I hope the chapel stands here not just to ask you where is Wisdom to be found but to ask you why you are studying what you are studying. Reflect on the challenge of Gandhi’s ‘Talisman.’ ‘Think of the poorest person you have ever seen’ and then ask yourself, ‘will what I am doing be of use to him or her?’

Listen to these words of an Asian Christian theologian. ‘The moment of truth for humanity seems to have arrived. We seem destined for destruction at our own hands. But behold, miracle of miracles, out of the cracks a light shines. As we advance timidly towards that light, we discover many, many others moving towards it from different directions… We the poor and the rich, the oppressed and the oppressors, the theists and the atheists, Christians, Muslims, Jews, Buddhists and Hindus must get to that light for it is the light of love and life, the light of hope and the future … We have no alternative but to move on with God to that vision of a world of compassion and communion of love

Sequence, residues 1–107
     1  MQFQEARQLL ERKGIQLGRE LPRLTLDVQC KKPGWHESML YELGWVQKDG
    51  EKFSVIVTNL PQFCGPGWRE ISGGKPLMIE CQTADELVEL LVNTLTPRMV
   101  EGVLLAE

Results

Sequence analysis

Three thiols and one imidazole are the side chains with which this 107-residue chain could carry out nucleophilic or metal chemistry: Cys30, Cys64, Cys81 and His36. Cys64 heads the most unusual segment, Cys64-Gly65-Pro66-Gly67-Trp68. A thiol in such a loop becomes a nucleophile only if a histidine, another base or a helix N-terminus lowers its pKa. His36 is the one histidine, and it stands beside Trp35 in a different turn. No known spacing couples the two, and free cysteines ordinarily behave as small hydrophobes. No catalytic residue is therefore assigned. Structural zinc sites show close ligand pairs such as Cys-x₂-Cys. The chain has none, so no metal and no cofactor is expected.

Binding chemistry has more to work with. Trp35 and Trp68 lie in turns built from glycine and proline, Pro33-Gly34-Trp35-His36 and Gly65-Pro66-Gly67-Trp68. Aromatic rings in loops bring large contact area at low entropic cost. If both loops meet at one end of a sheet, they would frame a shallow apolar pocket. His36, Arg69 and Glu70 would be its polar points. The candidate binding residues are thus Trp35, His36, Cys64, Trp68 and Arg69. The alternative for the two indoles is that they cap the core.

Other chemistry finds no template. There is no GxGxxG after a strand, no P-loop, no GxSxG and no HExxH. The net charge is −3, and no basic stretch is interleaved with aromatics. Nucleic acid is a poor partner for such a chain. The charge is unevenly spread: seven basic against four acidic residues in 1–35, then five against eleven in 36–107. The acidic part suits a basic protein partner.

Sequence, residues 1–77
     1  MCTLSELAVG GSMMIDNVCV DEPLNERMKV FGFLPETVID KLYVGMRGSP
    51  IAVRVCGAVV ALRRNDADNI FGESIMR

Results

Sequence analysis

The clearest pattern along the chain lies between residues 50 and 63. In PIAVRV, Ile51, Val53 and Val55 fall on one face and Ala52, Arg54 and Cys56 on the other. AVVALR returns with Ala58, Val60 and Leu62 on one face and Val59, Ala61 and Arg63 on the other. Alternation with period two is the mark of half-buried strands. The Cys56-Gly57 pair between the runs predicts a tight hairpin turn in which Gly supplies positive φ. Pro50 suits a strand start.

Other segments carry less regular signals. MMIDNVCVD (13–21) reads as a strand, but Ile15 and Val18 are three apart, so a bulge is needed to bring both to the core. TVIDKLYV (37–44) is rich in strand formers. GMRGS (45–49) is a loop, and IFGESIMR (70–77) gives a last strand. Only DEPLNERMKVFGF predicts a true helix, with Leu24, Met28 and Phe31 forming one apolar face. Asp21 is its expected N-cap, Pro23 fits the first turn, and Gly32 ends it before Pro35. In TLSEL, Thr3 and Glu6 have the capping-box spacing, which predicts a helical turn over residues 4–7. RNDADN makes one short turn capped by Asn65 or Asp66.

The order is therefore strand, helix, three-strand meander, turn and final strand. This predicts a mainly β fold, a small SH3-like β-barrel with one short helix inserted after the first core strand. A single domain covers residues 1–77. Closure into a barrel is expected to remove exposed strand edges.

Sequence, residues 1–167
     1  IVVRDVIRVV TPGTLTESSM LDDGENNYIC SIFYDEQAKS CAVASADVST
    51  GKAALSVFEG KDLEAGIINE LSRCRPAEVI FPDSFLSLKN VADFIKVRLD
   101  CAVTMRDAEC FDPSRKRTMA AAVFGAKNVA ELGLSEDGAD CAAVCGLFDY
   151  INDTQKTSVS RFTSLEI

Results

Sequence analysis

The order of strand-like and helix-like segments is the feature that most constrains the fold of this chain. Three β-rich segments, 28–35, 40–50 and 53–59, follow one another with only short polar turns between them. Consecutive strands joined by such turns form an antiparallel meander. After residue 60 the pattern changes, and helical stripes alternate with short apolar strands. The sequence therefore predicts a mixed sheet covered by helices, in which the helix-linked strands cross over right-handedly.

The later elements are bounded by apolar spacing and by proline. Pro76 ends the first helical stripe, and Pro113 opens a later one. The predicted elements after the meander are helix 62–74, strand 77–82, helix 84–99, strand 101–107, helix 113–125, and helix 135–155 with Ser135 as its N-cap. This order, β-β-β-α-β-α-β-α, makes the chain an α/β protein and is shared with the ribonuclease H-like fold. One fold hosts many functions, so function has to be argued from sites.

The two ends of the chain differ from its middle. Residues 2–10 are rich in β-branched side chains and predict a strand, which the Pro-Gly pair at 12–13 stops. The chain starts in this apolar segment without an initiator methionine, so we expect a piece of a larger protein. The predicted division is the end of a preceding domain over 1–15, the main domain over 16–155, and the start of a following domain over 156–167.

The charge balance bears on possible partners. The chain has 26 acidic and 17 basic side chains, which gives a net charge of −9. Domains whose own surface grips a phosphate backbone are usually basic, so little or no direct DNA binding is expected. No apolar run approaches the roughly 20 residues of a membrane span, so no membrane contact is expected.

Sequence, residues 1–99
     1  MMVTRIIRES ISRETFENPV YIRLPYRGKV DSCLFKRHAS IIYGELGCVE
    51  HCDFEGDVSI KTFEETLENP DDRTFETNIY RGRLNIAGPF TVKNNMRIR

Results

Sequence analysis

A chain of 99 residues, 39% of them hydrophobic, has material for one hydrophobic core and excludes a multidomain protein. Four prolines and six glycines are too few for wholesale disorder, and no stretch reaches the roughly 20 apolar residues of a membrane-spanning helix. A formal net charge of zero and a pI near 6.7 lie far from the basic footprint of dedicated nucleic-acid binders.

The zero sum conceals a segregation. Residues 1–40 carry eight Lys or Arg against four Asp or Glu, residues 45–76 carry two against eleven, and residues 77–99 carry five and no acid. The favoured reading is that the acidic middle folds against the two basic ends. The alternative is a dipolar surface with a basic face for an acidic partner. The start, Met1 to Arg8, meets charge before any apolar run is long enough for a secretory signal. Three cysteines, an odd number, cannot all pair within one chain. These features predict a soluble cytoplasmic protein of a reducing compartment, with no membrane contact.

Is that the vision which inspires you and will shape your life?

The World Congress of Faiths, 1937

Chapel Leaflet 1937

In July 1937 the pioneering interfaith organisation The World Congress of Faiths held a residential conference for delegates representing the world’s religions at Balliol College and Somerville College. Somerville College Chapel’s donor, E.G. Kemp, was a member of this organisation and was eager that the delegates should use the new College Chapel. In a letter to Helen Darbishire, then Principal of Somerville, she exclaimed: ‘How pleased they [the delegates] will be to find a Chapel [where] they can meditate and pray – a better setting than in London.’ Kemp was referring to the first conference of the World Congress of Faiths held at University College, London, in the preceeding year.